The Harper government has gone to enormous lengths to award a single source contract to an American arms dealer, Lockheed-Martin for fighter jets that we don't need or want, and can't afford.
They've hacked computers.
Faked a Russian threat.
Hired an employee of the firm as Harper's chief of staff.
But Stephen Harper may now have gone too far, in his latest assault on a critic of the purchase.
Confronted by an insider warning against the sole-sourced purchase of a fighter jet dubbed the Flying Credit Card, a furious Stephen Harper on Thursday chose to attack the whistle-blower — and warn against massive aerospace job losses if opponents continue “playing politics” with the lives of Canadian troops. Such hyperbole suggests the F-35 jet fighter controversy is getting under the Prime Minister’s skin. He may have cause to fret.There are no jobs to lose, except perhaps in the United States. Canadian firms were only told that they could "bid" on maintenance contracts, which in Harperspeak means "good luck with that."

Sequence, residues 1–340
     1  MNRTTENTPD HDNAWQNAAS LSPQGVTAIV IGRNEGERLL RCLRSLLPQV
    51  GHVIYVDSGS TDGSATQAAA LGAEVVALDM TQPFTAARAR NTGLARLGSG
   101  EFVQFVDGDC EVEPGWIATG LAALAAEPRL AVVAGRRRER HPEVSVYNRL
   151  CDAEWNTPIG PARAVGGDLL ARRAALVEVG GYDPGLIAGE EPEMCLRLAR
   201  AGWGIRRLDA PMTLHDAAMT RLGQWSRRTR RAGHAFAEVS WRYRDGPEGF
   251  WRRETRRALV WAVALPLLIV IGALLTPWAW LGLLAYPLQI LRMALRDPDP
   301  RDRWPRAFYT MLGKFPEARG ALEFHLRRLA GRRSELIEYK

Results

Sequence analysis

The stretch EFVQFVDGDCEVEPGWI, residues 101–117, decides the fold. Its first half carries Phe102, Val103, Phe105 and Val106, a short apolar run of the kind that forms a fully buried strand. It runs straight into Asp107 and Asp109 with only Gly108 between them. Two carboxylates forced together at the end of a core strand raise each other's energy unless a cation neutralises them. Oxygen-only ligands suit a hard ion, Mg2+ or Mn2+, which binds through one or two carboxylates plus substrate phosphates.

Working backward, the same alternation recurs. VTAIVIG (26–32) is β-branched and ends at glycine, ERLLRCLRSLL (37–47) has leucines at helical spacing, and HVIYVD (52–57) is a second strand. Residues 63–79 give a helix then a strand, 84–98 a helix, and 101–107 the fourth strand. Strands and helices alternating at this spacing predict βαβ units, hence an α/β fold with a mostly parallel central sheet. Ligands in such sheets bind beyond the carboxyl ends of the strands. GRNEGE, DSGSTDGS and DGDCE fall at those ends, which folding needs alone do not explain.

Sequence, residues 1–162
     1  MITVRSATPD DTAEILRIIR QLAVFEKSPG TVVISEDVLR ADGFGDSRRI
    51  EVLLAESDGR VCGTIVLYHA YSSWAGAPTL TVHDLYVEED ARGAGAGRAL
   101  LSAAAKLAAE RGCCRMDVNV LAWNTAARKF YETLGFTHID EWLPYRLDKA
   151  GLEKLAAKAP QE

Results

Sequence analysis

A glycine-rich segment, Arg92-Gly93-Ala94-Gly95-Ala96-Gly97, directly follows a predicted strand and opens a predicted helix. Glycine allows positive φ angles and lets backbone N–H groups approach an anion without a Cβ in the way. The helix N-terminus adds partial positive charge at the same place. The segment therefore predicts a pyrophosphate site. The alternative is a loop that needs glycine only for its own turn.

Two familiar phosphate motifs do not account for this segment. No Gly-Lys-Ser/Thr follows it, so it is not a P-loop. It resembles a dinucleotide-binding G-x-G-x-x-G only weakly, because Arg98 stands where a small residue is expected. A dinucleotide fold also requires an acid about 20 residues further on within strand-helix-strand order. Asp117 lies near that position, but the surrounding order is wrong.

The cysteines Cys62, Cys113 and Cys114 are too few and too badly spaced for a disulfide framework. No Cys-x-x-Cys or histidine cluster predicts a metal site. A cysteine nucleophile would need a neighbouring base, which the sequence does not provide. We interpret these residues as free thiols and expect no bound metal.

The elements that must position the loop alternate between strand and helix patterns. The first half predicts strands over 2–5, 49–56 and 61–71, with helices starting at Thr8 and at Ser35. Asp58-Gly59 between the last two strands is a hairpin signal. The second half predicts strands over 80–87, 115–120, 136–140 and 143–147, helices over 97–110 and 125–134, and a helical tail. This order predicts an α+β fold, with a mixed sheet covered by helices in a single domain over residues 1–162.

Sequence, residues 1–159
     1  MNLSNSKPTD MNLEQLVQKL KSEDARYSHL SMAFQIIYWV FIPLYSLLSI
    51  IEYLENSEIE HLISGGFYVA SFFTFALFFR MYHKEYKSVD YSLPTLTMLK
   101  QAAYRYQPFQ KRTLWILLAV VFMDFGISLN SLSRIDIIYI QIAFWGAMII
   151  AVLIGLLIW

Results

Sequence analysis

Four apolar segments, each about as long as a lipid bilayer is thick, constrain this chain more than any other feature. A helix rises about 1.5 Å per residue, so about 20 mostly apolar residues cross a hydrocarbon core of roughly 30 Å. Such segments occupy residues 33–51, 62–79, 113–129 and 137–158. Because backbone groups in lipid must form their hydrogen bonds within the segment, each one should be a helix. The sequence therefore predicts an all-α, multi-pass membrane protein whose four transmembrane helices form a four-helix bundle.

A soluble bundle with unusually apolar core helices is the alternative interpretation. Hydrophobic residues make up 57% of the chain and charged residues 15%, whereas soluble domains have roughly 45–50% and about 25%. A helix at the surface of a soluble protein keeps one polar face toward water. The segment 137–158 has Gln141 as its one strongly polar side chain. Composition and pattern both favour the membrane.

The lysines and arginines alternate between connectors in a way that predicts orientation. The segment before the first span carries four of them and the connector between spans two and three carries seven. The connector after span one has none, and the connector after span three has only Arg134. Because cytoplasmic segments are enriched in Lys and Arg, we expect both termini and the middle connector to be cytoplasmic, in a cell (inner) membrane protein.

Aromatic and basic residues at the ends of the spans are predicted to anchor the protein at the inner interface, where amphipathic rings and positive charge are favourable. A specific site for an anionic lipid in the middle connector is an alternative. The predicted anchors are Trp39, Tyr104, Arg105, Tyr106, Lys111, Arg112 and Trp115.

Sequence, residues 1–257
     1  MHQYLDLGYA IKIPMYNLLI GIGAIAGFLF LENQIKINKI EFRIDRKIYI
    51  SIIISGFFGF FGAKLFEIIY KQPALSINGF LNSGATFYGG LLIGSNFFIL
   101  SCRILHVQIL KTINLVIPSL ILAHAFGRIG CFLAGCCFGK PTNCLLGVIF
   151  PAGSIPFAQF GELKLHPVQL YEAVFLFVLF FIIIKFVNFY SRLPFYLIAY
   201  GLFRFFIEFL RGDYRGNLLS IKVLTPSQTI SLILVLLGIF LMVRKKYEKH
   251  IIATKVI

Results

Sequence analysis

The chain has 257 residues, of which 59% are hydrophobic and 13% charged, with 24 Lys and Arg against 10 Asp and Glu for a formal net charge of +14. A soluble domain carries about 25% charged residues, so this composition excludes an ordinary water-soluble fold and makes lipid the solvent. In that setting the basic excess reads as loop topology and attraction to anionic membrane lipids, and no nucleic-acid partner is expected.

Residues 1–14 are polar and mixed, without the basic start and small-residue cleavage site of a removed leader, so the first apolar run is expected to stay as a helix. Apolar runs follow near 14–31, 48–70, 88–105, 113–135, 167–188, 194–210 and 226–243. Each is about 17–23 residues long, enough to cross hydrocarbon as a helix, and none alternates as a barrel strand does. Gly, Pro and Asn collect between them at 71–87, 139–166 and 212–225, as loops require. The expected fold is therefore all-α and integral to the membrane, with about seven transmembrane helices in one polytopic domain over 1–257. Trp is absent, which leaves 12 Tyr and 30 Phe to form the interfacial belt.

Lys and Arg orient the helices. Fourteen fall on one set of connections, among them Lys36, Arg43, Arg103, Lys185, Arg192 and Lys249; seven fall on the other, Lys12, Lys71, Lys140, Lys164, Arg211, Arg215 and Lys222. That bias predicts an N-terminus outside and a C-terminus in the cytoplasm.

Retired assistant deputy minister of materials Alan Williams — an expert who is hard to dismiss — took the parliamentary stand on Wednesday afternoon to denounce the lack of competition for $9-billion worth of fighter jets as likely to squander billions of tax dollars and lost business opportunities. Mr. Williams warned Defence Minister Peter MacKay’s logic on the F-35 file is “flawed,” and he’s taking public positions that “insults our intelligence.” This is no opposition cheap shot.
This comes from a 33-year public servant who signed the memorandum of understanding in 2002 committing Canada to $100-million in funding to develop the F-35 stealth fighter. He’s even written a book on the subject: ReinventingCanadian Defence Procurement: A View From The Inside.
We need to listen to Mr. Williams, because we all know Stephen Harper never will.